When I last saw him, he was smiling, ready to go to work building houses with his uncle. But I can’t help but wonder what his smile masks. Did he see people along the way who Lori will examine later this year? Did he know where they came from? Did he know their mamas?

My talks with Lori educated me on a facet of immigrant life that I never considered, but I cannot get out of my head the profound sadness of it all. She gets regular hate mail for doing what she does.

The line between life and death is so very thin. My troubles seem of little consequence when I think of all those who set out on such a perilous journey. I don’t know if I will see Lori ever again, but I do know I will not talk to a recent immigrant to Memphis from the South without thinking about what could have been.

Let’s Talk About the C Word

The C-Word postI have just returned from the Democratic National Convention in Philadelphia.

No, I did not meet Bernie or Hillary. In fact, my agenda had absolutely nothing to do with politics. (Thank God).

But I did have an agenda: to promote the idea that it’s time to rethink cancer.

I was in Philadelphia earlier this week to speak on a panel after a screening of a new documentary film called “The C Word“. The Church Health Center is featured prominently in the movie, which will be in theaters this fall and on Netflix in the spring. It is narrated by Morgan Freeman and produced and directed by the Academy Award-nominated director Meghan O’Hara.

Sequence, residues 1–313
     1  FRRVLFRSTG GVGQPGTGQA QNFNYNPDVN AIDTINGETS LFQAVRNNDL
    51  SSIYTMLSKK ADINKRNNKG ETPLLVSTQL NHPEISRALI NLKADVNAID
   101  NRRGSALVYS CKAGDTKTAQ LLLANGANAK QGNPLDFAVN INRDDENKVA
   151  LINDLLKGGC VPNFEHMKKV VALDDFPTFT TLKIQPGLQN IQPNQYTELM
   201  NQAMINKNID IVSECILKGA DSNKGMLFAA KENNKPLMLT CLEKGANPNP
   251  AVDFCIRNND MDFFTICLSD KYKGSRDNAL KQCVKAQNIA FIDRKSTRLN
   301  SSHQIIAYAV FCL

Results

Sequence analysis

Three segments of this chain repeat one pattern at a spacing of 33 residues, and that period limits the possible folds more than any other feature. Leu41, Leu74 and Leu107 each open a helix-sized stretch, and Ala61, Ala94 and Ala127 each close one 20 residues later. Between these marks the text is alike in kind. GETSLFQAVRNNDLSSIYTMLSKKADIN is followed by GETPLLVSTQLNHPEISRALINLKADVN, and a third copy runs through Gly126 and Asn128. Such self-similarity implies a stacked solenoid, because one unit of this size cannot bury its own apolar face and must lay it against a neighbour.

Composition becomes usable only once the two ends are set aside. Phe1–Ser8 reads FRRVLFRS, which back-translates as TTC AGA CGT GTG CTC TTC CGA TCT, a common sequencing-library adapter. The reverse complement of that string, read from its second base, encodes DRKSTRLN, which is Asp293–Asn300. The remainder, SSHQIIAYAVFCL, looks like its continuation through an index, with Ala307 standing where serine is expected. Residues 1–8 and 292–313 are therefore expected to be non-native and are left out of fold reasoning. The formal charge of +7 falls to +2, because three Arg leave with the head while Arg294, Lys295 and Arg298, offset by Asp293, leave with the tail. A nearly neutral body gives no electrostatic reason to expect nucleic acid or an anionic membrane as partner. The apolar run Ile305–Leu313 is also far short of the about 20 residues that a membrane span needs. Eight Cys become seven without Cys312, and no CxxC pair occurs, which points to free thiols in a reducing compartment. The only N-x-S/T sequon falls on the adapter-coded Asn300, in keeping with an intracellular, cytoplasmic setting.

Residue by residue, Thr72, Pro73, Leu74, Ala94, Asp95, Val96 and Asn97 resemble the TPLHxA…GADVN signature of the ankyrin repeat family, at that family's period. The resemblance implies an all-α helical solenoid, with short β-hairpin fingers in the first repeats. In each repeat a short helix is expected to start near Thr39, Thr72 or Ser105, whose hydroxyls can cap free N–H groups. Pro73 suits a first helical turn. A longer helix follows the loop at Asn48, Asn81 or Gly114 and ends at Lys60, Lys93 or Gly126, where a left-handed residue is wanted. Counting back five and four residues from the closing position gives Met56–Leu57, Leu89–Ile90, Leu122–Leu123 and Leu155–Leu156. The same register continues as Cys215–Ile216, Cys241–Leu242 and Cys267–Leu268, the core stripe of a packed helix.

You can watch the trailer here:

The movie is about how cancer can be prevented through improved eating habits, exercise, and stress reduction. Does that sound familiar? It should; the Church Health Center has been preaching prevention for nearly 30 years. The movie centers around a French physician, Dr. David Servan-Schreiber, who developed brain cancer then aggressively began treating himself with the basics of good nutrition, exercise and stress reduction. He then wrote a popular book titled Anticancer: A New Way of Life. He doesn’t advocate a fad diet or his own special treatment plan.

The movie also uncovers ways our lifestyles contribute to the cancer epidemic in the US. But what’s disturbing is that even if we vigilantly do everything we can to avoid cancer, the deck is often stacked against us. Did you know that tobacco companies now own all the major food distributors in America? Or that when a food label uses the term “fragrance” as an ingredient, there is a list of carcinogens that can be included in that term? The movie reveals a great deal of similar information and is extremely thought-provoking.